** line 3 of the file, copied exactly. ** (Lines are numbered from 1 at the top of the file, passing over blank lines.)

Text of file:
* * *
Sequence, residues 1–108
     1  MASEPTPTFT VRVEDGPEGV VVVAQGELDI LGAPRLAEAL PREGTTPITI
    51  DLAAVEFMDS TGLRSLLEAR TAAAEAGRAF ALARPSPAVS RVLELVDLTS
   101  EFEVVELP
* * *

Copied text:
    51  DLAAVEFMDS TGLRSLLEAR TAAAEAGRAF ALARPSPAVS RVLELVDLTS